For natural gas, wet after lease seperation, an appropriate reduction in the reservoir gas volume has been made to cover the removal of the liquefiable portions of the gas in lease and/or field separation facilities and the exclusion of nonhydrocarbon gases where they occur in sufficient quantity to reder the gas unmarketable.

For dry natural gas, an appropriate reduction in the gas volume has been made to cover the removal of the liquefiable portions of the gas in lease and/or field separation facilities, and in natural gas processing plants, and the exclusion of nonhydrocarbon gases where they occur in sufficient quantity to render the gas unmarketable.

It is not necessary that production, gathering, or transportation facilities be installed or operative for a reservoir to be considered proved. It is to be assumed that compression will be initiated if and when economically justified.
Repressuring The injection of gas into oil or gas reservoir formations to effect greater ultimate recovery.
Residential Consumption Gas used in private dwellings, including apartments, for heating, air-conditioning, cooking, water heating, and other household uses.
Residential Price The price of gas used in private dwellings, including apartments, for heating, cooking, water heating, and other household uses.
Revisions (Proved Reserves) Changes to prior year-end proved reserves estimates, either positive or negative, resulting from new information other than an increase in proved acreage (extension). Revisions include increases of proved reserves associated with the installation of improved recovery techniques or equipment. They also include correction of prior report year arithmetical or clerical errors and adjustments to prior year-end production volumes to the extent that these alter reported prior year reserves estimates.
Sales (Proved Reserves) The volume of proved reserves deducted from an operator's total reserves when selling an existing field or property, during the calendar year.
Shale Gas Natural gas produced from organic (black) shale formations.
Storage Additions (LNG) Volumes of gas injected or otherwise added to underground natural gas reservoirs or liquefied natural gas storage.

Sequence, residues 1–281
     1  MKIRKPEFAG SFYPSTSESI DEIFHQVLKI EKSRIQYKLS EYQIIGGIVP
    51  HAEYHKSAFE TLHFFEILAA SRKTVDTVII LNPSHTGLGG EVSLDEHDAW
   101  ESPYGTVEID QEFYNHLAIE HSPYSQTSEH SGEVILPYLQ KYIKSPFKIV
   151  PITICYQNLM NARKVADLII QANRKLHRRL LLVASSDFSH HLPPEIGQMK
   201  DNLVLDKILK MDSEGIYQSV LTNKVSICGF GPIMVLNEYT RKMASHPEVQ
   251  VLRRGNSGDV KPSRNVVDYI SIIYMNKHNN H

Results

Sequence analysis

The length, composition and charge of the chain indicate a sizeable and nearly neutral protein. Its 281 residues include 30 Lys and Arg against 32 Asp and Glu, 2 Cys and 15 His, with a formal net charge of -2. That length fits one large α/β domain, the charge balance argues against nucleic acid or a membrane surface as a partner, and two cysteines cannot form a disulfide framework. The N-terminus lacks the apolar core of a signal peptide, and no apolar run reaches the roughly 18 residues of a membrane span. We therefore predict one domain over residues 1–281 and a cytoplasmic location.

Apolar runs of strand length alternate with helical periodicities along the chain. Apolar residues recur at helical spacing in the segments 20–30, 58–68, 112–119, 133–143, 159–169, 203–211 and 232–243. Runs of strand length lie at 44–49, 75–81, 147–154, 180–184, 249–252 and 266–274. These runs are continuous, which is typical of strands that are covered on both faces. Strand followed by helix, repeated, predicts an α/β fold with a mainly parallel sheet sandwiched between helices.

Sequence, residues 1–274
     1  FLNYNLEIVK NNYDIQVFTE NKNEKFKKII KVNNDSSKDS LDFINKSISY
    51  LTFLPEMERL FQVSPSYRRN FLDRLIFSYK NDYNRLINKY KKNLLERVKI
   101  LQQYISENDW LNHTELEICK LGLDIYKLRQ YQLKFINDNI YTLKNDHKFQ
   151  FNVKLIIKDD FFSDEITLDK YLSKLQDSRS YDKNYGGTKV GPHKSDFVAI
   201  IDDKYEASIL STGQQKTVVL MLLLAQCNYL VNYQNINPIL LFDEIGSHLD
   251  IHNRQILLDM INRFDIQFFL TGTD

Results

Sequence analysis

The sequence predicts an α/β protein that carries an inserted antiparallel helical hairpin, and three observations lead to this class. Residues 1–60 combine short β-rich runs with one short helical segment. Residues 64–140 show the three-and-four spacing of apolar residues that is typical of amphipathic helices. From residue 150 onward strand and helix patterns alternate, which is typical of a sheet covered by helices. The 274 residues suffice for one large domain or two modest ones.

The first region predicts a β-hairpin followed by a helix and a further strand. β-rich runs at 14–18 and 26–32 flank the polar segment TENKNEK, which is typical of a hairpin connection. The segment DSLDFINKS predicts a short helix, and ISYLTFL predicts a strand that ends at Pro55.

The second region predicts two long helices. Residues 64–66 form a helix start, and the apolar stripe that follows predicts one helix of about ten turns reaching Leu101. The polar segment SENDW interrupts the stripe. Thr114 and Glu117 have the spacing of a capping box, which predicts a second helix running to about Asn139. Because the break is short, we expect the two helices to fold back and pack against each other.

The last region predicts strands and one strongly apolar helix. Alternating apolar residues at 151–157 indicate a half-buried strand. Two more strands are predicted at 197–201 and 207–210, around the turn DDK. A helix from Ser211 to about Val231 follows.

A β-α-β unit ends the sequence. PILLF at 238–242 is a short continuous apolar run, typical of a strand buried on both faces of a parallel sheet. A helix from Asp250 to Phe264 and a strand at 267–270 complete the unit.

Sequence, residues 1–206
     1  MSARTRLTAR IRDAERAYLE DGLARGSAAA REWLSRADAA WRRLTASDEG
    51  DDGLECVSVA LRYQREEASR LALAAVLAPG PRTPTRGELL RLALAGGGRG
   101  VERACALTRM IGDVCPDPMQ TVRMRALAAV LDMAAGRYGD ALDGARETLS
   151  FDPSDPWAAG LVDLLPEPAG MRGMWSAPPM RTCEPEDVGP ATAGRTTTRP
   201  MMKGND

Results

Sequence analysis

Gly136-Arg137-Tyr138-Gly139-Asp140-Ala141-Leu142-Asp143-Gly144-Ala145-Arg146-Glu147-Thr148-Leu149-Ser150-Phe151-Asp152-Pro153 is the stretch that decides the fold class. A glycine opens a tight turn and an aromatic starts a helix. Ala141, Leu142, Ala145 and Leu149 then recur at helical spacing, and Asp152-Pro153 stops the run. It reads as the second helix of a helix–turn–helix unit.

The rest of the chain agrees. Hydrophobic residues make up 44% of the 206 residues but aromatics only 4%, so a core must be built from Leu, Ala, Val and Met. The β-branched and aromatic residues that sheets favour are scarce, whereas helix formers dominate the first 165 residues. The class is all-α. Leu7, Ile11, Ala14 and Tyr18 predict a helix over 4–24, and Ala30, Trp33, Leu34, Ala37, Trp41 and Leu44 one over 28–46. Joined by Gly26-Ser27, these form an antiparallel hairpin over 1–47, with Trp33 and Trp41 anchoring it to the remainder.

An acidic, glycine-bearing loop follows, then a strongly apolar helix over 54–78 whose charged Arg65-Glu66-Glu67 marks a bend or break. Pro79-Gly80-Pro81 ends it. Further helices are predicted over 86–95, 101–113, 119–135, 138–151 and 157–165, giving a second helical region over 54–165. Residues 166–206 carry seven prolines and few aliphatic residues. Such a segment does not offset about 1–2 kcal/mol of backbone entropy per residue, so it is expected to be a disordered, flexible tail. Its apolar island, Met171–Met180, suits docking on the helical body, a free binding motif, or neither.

Storage Capacity The present developed maximum operating capacity.
Storage Withdrawals (LNG) Total volume of gas withdrawn from underground storage or from liquefied natural gas storage over a specified amount of time.
Underground Gas Storage The use of sub-surface facilities for storing gas that has been transferred from its original location. The facilities are usually hollowed-out salt domes, natural geological reservoirs (depleted oil or gas fields) or water-bearing sands topped by an impermeable cap rock (aquifer).
Underground Storage Injections Gas from extraneous sources put into underground storage reservoirs.
Underground Storage Withdrawals Gas removed from underground storage reservoirs.
Vehicle Fuel Consumption The quantity of fuel used by vehicles. Vehicle fuel consumption is computed as the vehicle miles traveled divided by the fuel efficiency reported in miles per gallon (MPG). Vehicle fuel consumption is derived from the actual vehicle fuel mileage collected and the assigned MPGs obtained from EPA certification files adjusted for on-road driving.
Vented Gas released into the air on the production site or at processing plants.
Wellhead Price Price of natural gas calculated by dividing the total reported value at the wellhead by the total quantity produced as reported by the appropriate agencies of individual producing States and the U.S. Bureau of Ocean Energy Management, Regulation and Enforcement. The price includes all costs prior to shipment from the lease, including gathering and compression costs, in addition to State production, severance, and similar charges.
Working (top storage) gas The volume of total natural gas storage capacity that contains natural gas available for withdrawal.

For definitions of related energy terms, refer to the EIA Energy Glossary.

  Sources